grooming/LG in rat pups), the consistency of maternal care has
been shown to have a powerful influence on the offspring's
neurobiology, physiology, and behavior. Whereas maternal care improves
cardiac response, sleep/wake rhythm, and growth hormone secretion in
the neonate, it also suppresses HPA axis activity. In this manner,
maternal care negatively regulates stress response in the neonate,
thereby shaping his/her susceptibility to stress in later life. These
programming effects are not deterministic, as the environment in which
the individual develops can either match or mismatch with the former's
“programmed” and genetically predisposed HPA axis reactivity.
Although the primary mediators of the HPA axis are known, the exact
mechanism by which its programming can be modulated during early life
remains to be elucidated. Furthermore, evolutionary biologists contest
the exact adaptive value of such programming, i.e. whether heightened
HPA axis reactivity may confer greater evolutionary fitness.
Various hypotheses have been proposed, in attempts to explain why
early life adversity can produce outcomes ranging from extreme
vulnerability to resilience, in the face of later stress.
Glucocorticoids produced by the HPA axis have been proposed to confer
either a protective or harmful role, depending on an individual's
genetic predispositions, programming effects of early-life
environment, and match or mismatch with one's postnatal environment.
The predictive adaptation hypothesis (1), the three-hit concept of
vulnerability and resilience (2) and the maternal mediation hypothesis
(3) attempt to elucidate how early life adversity can differentially
predict vulnerability or resilience in the face of significant stress
in later life. These hypotheses are not mutually exclusive but
rather are highly interrelated and unique to the individual.
(1) The predictive adaptation hypothesis: this hypothesis is in
direct contrast with the diathesis stress model, which posits that the
accumulation of stressors across a lifespan can enhance the
development of psychopathology once a threshold is crossed. Predictive
adaptation asserts that early life experience induces epigenetic
change; these changes predict or “set the stage” for adaptive
responses that will be required in his/her environment. Thus, if a
developing child (i.e., fetus to neonate) is exposed to ongoing
maternal stress and low levels of maternal care (i.e., early life
adversity), this will program his/her HPA axis to be more reactive to
stress. This programming will have predicted, and potentially be
adaptive in a highly stressful, precarious environment during
childhood and later life. The predictability of these epigenetic
changes is not definitive, however – depending primarily on the
degree to which the individual's genetic and epigenetically modulated
phenotype “matches” or “mismatches” with his/her environment
(See: Hypothesis (2)).
(2) Three-Hit Concept of vulnerability and resilience: this
hypothesis states that within a specific life context, vulnerability
may be enhanced with chronic failure to cope with ongoing adversity.
It fundamentally seeks to explicate why, under seemingly
indistinguishable circumstances, one individual may cope resiliently
with stress, whereas another may not only cope poorly, but
consequently develop a stress-related mental illness. The three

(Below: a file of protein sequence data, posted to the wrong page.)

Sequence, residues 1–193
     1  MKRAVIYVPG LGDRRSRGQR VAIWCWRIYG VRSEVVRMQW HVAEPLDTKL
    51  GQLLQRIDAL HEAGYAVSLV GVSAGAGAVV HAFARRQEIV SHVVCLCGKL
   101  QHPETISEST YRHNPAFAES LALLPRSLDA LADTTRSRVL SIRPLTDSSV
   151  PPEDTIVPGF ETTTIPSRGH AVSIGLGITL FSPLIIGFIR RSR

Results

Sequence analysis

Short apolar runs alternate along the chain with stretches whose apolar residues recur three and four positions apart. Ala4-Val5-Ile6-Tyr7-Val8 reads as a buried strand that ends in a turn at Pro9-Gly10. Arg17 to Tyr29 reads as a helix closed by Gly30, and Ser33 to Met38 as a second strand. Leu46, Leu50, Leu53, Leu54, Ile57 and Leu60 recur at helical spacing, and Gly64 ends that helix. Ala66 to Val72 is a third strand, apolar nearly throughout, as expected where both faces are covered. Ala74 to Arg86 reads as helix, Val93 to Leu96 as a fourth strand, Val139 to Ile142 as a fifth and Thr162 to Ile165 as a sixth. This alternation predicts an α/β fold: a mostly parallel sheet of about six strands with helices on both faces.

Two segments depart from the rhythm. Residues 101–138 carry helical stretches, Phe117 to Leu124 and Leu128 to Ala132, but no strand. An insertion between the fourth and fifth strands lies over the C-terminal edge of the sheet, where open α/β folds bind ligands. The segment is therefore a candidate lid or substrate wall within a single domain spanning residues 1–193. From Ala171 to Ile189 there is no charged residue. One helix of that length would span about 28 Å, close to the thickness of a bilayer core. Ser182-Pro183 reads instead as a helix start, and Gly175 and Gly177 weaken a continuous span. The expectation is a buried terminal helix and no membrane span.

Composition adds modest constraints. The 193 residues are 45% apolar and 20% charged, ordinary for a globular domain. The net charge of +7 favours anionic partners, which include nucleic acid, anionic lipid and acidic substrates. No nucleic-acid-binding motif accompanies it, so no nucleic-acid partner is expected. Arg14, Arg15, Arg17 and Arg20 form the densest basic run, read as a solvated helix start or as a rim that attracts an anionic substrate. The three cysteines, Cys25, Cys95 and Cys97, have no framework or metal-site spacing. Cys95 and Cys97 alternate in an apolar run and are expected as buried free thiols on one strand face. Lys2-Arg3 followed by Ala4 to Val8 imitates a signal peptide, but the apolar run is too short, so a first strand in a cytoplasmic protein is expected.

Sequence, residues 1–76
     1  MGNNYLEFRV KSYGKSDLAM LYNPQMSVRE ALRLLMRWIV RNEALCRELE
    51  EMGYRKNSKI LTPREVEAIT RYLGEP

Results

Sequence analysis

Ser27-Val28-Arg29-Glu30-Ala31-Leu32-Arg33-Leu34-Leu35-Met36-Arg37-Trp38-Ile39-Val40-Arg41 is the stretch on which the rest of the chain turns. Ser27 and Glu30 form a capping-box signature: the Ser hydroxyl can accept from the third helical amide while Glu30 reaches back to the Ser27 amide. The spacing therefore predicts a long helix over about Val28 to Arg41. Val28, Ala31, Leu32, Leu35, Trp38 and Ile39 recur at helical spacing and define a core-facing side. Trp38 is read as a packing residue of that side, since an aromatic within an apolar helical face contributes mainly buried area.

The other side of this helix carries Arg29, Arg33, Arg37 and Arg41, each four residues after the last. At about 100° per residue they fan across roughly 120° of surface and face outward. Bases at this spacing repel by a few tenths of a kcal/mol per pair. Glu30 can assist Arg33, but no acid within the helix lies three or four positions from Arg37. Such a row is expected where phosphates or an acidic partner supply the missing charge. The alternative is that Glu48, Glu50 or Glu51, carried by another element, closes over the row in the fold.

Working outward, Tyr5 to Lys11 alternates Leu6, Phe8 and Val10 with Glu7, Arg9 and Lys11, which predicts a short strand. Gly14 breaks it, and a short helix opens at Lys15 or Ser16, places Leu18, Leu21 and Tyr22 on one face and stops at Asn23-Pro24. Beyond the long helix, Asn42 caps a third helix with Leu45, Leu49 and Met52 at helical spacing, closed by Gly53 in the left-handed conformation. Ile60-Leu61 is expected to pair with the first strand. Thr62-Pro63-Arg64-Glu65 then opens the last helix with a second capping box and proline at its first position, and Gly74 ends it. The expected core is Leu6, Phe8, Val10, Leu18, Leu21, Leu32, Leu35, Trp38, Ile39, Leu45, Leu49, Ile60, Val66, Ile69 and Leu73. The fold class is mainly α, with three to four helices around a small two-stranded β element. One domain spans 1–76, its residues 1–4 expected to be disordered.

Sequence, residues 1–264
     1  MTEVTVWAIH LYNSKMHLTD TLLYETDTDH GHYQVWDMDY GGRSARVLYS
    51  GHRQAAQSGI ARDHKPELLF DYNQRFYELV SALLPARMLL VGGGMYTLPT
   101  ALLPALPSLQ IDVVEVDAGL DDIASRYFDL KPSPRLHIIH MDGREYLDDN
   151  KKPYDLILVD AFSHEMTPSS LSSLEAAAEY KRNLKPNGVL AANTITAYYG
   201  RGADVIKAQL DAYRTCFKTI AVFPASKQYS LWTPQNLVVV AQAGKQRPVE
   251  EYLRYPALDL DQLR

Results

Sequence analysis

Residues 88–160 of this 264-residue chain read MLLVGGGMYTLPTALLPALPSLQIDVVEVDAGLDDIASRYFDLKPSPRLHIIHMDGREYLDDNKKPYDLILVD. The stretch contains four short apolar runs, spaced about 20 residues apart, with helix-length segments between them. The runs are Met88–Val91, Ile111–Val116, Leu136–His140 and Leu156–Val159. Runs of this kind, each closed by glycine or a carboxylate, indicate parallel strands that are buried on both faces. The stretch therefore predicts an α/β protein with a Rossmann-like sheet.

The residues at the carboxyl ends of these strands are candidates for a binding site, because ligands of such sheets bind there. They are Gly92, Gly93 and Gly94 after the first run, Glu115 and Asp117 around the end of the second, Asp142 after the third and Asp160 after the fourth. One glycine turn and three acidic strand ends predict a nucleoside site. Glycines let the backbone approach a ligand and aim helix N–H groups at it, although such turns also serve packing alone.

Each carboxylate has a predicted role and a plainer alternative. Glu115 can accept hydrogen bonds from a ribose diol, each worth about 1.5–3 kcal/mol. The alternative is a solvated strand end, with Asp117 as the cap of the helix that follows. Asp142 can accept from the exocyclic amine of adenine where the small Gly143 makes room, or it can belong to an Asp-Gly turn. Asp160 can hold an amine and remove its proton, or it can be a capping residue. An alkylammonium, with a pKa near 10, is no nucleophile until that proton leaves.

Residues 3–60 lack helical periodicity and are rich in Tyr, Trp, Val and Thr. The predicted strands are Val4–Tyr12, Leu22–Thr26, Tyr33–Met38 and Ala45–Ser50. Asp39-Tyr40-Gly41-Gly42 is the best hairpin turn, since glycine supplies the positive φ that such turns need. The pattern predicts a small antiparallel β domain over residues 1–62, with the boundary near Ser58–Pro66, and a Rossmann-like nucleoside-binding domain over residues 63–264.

“hits” – chronological and synergistic – are as follows:
genetic predisposition (which predispose higher/lower HPA axis
reactivity), early-life environment (perinatal – i.e. maternal
stress, and postnatal – i.e. maternal care), and later-life
environment (which determines match/mismatch, as well as a window for
neuroplastic changes in early programming). (Figure 1)6 The
concept of match/mismatch is central to this evolutionary hypothesis.
In this context, it elucidates why early life programming in the
perinatal and postnatal period may have been evolutionarily selected
for. Specifically, by instating specific patterns of HPA axis
activation, the individual may be more well equipped to cope with
adversity in a high-stress environment. Conversely, if an individual
is exposed to significant early life adversity, heightened HPA axis
reactivity may “mismatch” him/her in an environment characterized
by low stress. The latter scenario may represent maladaptation due to
early programming, genetic predisposition, and mismatch. This mismatch
may then predict negative developmental outcomes such as
psychopathologies in later life.
Ultimately, the conservation of the HPA axis has underscored its
critical adaptive roles in vertebrates, so, too, various invertebrate
species over time. The HPA Axis plays a clear role in the production
of corticosteroids, which govern many facets of brain development and
responses to ongoing environmental stress. With these findings, animal
model research has served to identify what these roles are – with
regards to animal development and evolutionary adaptation. In more
precarious, primitive times, a heightened HPA axis may have served to
protect organisms from predators and extreme environmental conditions,
such as weather and natural disasters, by encouraging migration (i.e.
fleeing), the mobilization of energy, learning (in the face of novel,
dangerous stimuli) as well as increased appetite for biochemical
energy storage. In contemporary society, the endurance of the HPA axis
and early life programming will have important implications for
counseling expecting and new mothers, as well as individuals who may
have experienced significant early life adversity.
Other major neuroendocrine systems
ACTH stimulation test
Cortisol awakening response
Dexamethasone suppression test
Major depressive disorder
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•The hypothalamic–pituitary–adrenal (HPA) axis. It comprises
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Media related to HPA axis at Wikimedia Commons
Mind-Body-Health.net page on HPA axis